The secrets of African DNA


 Why is DNA research so important? 

DNA contains instructions for everything our cells do, from conception until death. Since 1953, when James Watson and Francis Crick discovered the doublehelix structure of DNA – explaining how hereditary information is encoded – the central project of biology has been to try to understand how the shifting arrangement of four compounds in DNA determines the ways in which humans differ from each other, and from everything else alive. The Human Genome Project, completed in 2003, identified and mapped almost all the three billion or so base pairs – “letters” that spell out the genetic code – in our DNA. Since then, there have been great advances in our ability to sequence genetic data at scale, which promise to revolutionise how we understand our ancestry and history, how we identify physiological traits and, crucially, how we treat disease (see box).

What makes African DNA special? 

The unique qualities of African DNA can be traced back to the origins of humanity. Homo sapiens evolved in Africa about 300,000 years ago, and began migrating to other parts of the world perhaps 115,000 years later. But only people from certain groups or regions left – those who left went through a population “bottleneck” that made them less genetically diverse, according to a 2008 Cornell University study published in the journal Nature. While the human race in Europe and beyond evolved from those early migrants, continental Africa retained the genomic diversity that was an early feature of the human race. As such, the continent is now the most genetically varied region on the planet: Nigeria alone is home to at least 250 distinct ethnic groups whose genetics have been conserved over thousands of years.

How much do we know about African DNA? 

Not nearly enough. The Human Genome Project produced what is sometimes called the “book of life”: the operating manual for Homo sapiens. But it was based on DNA from blood donations taken in Buffalo, New York: around 70% of the DNA sequenced came from one donor; most of the donors were of European descent. The “human reference genome” produced by the project – an approximation of most people’s genetic make-up and a crucial tool for research – has been refined and is now more diverse, but is still mostly based on European DNA, since most of the big genome-mapping projects took place in North America and Europe. If data is the new oil, said Carlos Bustamante, professor of biomedical data science at Stanford University, then in terms of DNA, “we’ve only been looking in the North Sea”.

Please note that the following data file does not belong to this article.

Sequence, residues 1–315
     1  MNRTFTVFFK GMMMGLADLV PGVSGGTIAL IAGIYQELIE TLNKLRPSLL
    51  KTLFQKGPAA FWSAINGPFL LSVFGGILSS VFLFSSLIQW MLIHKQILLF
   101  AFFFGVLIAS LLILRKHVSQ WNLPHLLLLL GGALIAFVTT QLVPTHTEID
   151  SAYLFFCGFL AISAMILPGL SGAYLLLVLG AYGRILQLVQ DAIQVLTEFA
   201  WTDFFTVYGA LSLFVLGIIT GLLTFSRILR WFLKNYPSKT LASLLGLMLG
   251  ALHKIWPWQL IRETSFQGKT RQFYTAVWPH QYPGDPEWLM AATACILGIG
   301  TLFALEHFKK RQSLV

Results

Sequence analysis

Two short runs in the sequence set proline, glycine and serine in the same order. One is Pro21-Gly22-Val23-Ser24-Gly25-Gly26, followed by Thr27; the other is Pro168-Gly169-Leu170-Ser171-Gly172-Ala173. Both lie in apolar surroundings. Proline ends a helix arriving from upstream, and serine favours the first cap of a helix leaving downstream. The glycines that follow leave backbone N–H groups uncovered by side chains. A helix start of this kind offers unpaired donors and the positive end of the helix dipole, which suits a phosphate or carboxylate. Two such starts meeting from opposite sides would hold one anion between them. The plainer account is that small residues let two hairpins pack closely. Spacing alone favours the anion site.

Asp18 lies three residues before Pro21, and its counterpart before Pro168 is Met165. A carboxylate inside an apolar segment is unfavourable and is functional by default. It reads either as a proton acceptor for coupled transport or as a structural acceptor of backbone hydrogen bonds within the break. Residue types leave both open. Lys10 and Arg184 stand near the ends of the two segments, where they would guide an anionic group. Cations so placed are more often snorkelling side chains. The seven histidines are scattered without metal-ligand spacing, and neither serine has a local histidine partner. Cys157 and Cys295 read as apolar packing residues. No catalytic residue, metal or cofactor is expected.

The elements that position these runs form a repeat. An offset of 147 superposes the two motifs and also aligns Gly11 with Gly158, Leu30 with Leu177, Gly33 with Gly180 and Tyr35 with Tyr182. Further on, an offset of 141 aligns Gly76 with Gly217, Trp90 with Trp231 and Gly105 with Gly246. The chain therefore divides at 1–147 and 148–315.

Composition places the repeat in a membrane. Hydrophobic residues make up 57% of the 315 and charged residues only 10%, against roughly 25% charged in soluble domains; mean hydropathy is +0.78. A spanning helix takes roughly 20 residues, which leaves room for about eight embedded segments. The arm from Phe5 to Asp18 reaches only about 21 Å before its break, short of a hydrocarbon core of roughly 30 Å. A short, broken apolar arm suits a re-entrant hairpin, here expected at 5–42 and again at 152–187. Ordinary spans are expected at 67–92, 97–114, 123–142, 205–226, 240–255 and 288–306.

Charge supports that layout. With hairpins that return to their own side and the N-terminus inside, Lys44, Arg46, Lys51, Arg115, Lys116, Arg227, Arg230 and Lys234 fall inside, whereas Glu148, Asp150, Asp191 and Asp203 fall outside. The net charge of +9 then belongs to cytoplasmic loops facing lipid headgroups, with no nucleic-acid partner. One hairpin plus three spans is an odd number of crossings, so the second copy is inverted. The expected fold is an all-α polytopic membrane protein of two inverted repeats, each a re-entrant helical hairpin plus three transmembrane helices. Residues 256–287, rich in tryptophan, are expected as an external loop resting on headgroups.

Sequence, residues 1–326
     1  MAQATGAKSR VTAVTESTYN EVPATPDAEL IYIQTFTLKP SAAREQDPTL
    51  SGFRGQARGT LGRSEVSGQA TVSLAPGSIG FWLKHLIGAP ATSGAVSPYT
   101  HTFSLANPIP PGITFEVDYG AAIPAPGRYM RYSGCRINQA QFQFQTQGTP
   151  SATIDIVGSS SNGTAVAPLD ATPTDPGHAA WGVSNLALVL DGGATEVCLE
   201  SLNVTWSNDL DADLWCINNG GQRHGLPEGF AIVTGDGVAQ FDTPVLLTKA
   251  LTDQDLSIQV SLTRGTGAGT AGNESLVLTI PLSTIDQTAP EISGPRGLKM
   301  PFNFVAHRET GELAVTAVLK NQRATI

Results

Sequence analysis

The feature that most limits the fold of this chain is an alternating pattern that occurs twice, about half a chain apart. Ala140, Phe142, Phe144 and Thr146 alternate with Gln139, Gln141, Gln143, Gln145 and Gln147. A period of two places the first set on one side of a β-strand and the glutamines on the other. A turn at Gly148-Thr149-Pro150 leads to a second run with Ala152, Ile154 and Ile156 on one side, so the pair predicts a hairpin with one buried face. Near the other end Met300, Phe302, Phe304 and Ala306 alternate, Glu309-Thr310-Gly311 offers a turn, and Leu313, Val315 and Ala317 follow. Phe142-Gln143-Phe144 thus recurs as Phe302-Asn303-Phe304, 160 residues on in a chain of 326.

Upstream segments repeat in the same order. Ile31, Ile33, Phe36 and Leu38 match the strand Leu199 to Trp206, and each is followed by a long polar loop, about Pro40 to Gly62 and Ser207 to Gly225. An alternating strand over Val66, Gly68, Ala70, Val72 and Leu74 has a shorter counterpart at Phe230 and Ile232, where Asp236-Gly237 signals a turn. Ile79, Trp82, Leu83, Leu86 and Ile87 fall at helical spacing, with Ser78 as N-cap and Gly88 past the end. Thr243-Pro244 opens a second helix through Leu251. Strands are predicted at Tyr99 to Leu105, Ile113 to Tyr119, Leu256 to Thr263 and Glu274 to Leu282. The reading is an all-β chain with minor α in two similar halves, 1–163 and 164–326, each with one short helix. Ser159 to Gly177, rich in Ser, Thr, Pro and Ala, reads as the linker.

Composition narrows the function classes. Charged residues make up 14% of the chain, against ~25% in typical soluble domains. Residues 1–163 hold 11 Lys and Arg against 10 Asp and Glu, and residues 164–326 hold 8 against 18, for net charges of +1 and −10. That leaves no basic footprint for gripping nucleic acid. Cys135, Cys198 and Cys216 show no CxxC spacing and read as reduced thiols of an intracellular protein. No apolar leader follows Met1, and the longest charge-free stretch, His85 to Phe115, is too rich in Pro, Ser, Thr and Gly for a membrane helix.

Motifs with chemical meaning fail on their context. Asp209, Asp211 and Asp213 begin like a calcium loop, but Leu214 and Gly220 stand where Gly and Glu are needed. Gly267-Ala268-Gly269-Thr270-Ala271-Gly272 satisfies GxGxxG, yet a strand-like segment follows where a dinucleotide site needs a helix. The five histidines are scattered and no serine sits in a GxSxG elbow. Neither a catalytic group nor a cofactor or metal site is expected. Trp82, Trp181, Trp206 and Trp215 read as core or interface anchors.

Why is that important? 

This lack of African genetic data “constitutes a significant obstacle to understanding how our bodies and diseases function”, said Neil Munshi in the FT. Researchers look for small differences between the reference genome and the genomes of the individuals they are studying: even a single change in the base pairs, the “letters” within the DNA – known as a single-nucleotide polymorphism or SNP – can cause diseases, such as sickle-cell anaemia or cystic fibrosis. One recent study of people of African descent by Johns Hopkins found that 300 million base pairs of their DNA – about 10% of the estimated size of the entire human genome – simply did not feature in the human reference genome.

Whom does that affect? 

First off, non-Europeans. Scientists miss mutations in these ethnic groups, meaning that much cutting-edge genetic research is worthless for them. “Until we understand the differences between genetics in Western populations and other regions of the world, we are blindly applying drugs, treatments and diagnostic insights from European populations onto African people,” said Queen Mary University’s Dr Deepti Gurdasani. But it also limits our understanding of disease in other populations, because our comprehension of the entire human genome is incomplete. “When the entire continent of Africa has been left out of genetic studies, it’s everyone that loses out,” said Dr Alicia Martin of Harvard Medical School. A study in Nature Genetics last year found that the lack of genetic diversity was “the most critical limitation to genetics in precision medicine”.

Can this be rectified? 

African populations offer “low-hanging fruit” for genetic research, the Nature Genetics study found – and researchers are now waking up to that untapped potential. In 2012, H3Africa (Human Heredity and Health in Africa) was launched to study genomics and improve health in African populations. The project brought together a consortium of more than 500 African scientists and is conducting research on the causes of health problems such as blindness, Alzheimer’s, cancer and kidney disease. Meanwhile, Nigeria-based 54gene is seeking to create Africa’s first private biobank. It hopes to have collected 200,000 DNA samples by this year; it will charge to give pharmaceutical companies access to African DNA for the development of drugs and medicines.

Is this necessarily a good thing? 

There is a long history of “helicopter science”, where researchers fly into less developed parts of the world, take samples, and leave; Africans (and African Americans) have sometimes been used as medical guinea pigs by unscrupulous scientists. Leading pharmaceutical companies are now keen to tap into Africa’s genomic data; officials in the Trump administration have raised concerns that the Chinese state is trying to “steal” such data from Africans. The hope is that non-profit initiatives like H3Africa, and locally owned businesses like 54gene, will be able to ensure that Africans actually benefit this time. Dr Abasi Ene- Obong of 54gene insists that his company “will prioritise diseases that affect Africans disproportionately”.

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